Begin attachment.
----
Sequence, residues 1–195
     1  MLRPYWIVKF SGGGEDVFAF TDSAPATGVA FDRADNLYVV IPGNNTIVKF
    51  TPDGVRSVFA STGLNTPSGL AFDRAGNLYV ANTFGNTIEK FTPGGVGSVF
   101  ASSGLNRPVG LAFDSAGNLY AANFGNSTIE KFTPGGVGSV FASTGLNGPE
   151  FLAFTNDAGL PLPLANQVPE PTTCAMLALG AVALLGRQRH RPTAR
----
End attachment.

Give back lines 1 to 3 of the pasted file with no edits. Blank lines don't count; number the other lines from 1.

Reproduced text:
Sequence, residues 1–195
     1  MLRPYWIVKF SGGGEDVFAF TDSAPATGVA FDRADNLYVV IPGNNTIVKF
    51  TPDGVRSVFA STGLNTPSGL AFDRAGNLYV ANTFGNTIEK FTPGGVGSVF